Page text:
“No, I mean they’re real, they exist, but they’re not as real as others, Leena. Not like us!”
Leena cocked back her head and raised an eyebrow. “Like us?”
“Leena, I had a feeling when I first saw you. When you saved most of my new powder jar, I knew, and the way you didn’t lie about where Jen was to me. So smart, I knew, it was confirmed! You’re like me! We’re real, we’re Actuals!”
It was insane ramblings, but Leena had little choice but to play along. She gestured to the rest of the Commons. “Everyone else is fake?”
Warren’s face turned serious, and he gave tiny, sharp nods. “Probably not all of them. There could be some Actuals I haven’t met yet, or noticed. But most of them? Yeah, no better than lofus. Want to know my theory?”
“Citizenry. Is where Actuals come from. We were all born from who? Other Citizens? But we know that now and then, a lofu comes to live here. What if we are all children of children of children of lofus?! And from us, sometimes one of us becomes an Actual. That’s what Citizenry is! From up there,” Warren pointed to the top of the Grand Elevator shaft, “Actual can see us! Judge us! See who has become like him!”
“Fine, fine, and then what?”
Warren became sombre once again. He held his jittery hands close to his chest, He faced the Grand Elevator’s loading centre. His voice became as soft as a parent wishing a drowsy child a good sleep.
“And then, those of us worthy need to wait, I suppose. Wait for our deaths in the Citizenry, so we can be taken by the Messenger to go up.”
Leena gave Warren a moment, in case more insanity was about to dribble out, but he seemed to be waiting for a reaction. “So, Warren, do you think maybe the Actual up there now- may have been a Citizen at some time in the past?”
Warren bounced away backwards, and outstretched his arms. “Who’s to say? Maybe our Actual has been eternal, and new Actuals are sent off to other places to do Actual things. Maybe they all become new parts of Actual’s being, like all in one and stuff. Maybe they sit around getting wasted on some unimaginable dizzy water and screw all day! I don’t know!”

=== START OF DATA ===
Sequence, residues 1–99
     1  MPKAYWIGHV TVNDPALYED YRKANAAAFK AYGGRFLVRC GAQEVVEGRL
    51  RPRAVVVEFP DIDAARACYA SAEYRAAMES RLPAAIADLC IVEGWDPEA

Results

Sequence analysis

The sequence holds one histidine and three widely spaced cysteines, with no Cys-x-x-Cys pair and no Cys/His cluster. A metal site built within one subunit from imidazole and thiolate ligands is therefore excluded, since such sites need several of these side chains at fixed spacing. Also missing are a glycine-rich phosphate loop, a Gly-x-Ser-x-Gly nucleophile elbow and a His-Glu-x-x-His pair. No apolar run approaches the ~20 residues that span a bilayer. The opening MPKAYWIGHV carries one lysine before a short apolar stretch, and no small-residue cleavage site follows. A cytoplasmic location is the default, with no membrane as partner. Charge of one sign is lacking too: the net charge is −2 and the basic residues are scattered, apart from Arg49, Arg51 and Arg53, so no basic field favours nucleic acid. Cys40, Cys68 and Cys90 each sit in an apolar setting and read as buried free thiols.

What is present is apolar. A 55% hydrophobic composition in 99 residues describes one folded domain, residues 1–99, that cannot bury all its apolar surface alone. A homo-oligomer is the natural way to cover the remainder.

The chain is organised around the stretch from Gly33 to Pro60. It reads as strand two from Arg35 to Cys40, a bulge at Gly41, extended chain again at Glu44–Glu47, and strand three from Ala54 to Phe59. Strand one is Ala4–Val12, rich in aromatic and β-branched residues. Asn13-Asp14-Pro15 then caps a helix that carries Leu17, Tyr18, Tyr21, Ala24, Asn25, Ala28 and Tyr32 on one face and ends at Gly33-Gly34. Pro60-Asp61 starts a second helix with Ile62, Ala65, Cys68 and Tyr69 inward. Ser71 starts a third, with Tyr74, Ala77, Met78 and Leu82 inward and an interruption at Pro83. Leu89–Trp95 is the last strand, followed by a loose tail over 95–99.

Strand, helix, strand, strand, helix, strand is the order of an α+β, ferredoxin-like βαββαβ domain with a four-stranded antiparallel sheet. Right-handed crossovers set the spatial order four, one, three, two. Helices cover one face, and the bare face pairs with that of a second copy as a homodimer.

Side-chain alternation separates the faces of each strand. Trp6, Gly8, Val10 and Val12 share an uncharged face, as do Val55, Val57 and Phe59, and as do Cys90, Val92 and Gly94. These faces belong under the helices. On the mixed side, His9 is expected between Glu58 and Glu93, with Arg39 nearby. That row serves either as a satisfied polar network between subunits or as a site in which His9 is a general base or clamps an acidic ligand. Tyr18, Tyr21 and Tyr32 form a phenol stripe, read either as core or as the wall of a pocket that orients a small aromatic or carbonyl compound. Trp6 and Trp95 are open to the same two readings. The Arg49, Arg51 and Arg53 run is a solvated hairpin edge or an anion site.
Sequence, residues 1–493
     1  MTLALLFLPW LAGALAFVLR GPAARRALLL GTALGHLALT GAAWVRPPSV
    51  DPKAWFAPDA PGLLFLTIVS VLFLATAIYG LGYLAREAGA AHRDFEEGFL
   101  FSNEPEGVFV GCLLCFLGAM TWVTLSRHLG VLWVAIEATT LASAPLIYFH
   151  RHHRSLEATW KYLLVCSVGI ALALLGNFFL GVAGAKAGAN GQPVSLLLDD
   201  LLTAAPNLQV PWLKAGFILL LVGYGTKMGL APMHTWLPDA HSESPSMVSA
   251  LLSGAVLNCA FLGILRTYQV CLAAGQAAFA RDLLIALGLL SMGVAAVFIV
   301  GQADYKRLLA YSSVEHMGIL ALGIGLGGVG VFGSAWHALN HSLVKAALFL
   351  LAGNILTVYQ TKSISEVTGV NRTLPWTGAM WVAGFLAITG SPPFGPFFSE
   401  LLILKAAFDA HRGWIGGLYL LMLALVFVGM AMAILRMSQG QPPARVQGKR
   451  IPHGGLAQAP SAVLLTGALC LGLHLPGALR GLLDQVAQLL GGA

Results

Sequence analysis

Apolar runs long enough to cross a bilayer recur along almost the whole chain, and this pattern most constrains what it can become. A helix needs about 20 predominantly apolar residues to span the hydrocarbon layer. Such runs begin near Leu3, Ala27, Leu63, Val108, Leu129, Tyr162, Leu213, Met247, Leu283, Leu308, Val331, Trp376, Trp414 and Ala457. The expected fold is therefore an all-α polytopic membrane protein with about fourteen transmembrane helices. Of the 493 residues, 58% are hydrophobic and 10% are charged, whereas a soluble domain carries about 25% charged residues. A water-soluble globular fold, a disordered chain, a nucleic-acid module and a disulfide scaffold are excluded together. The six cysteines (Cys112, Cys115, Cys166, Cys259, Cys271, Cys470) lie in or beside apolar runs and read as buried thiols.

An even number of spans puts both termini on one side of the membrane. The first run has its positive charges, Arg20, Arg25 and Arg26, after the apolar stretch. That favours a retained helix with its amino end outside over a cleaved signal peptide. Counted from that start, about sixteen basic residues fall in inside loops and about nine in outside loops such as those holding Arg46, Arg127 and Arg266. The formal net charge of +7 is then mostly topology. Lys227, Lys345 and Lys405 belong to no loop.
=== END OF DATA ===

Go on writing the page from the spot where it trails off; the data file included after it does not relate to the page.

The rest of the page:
Leena didn’t ever think Warren could be this entertaining. And friendly. Maybe the key to making a friendlier, safer Citizenry was keeping Warren on just the right amount of the white powder. Enough to make him happy- not so much as to make him a manic, spontaneous rapist and murderer. As stupid and overly optimistic the idea was, it was worth exploring.
“Warren, you’re on that white powder right now, aren’t you?”
His expression changed again, chin high, eyes wide. “See! Oh, you’re clever. You’re an Actual for sure!”
“That wasn’t too hard to guess. You’re not as crazy as last time.”
“Yes, yes, that turned unpleasant when it wore off. I’ve taken to smaller doses.”
Unpleasant when it wore off? For him, maybe, but Jen and Darling seemed to dislike it a lot when it was at its peak. Leena’s sense of pity for the women that Warren had abused and even killed over the years bubbled into a quiet anger, reminding her that the jovial fool in front of her was the same man who made abuse part of his regular activities.
“If you’re so eager to go be an Actual with Actual,” Leena said, “why not just kill yourself now? We all get sent up!”
Warren nodded and paced. “Yes, yes, I’ve considered this, but it sounds unpleasant. I’ve given this thought. But just so you know, I’ve been thinking about this whole thing for a long time, long before the white powder. It might be giving me clarity… and more motivation, however.”
“Motivation to kill yourself? If it’s a problem, Sledge could help, I’m sure.”
“And then I’m dead, and I go up, and it’s all good for me, but the Citizens learn nothing of the truth of it all! At least not with proof.”
“I didn’t think you cared so much about the education of the masses, Warren. So how will you teach us all?”
He held out his arms as if ready to embrace the entire Commons, or at least the ceiling of it. “I will not wait to die to go. I will go up without death because I am an Actual, and the Citizens will know. I’ll be a legend!”
Leena suppressed a snort. “So if I’m an Actual too, am I invited?”
Warren raised an eyebrow, but his expression didn’t say much. “Oh, oh, for now, go back to your man Mark over–”
“Whatever. Go home. I might be in touch.”
Resident of the lower mainland in BC, I’ve lived all over Canada, but I’ve been in this area since ’94 or so, and am unlikely to leave.
I’ve always been a creative sort, composing music on the computer (tracking Mods and related formats) drawing and graphic design, but in the last couple of decades, writing has come to the forefront- going from the occasional short story for fun that I’ve done all my life, to full-fledged novels.
In 2001, I was cycling to work, and got into a fight with a car, and the car won. Since then I’m been a paraplegic. When I’m rich and famous, I’ll buy a model of the car that hit me, and give it a solid whack every day.
I’m father to two insane lil punks, Catilin in 2007, and Lachlan in 2011. I’ve been predominantly a stay at home dad since then, but volunteer work at a local seniors’ activity centre recently led to a job with the organization. It’s an amazingly positive environment.
My rate of pumping out novels isn’t so fast, but the ideas are waiting. If the next Rubberman book ties up the series (it may or may not) I have a series in mind that serves as a spin-off of sorts from the Lifehack series.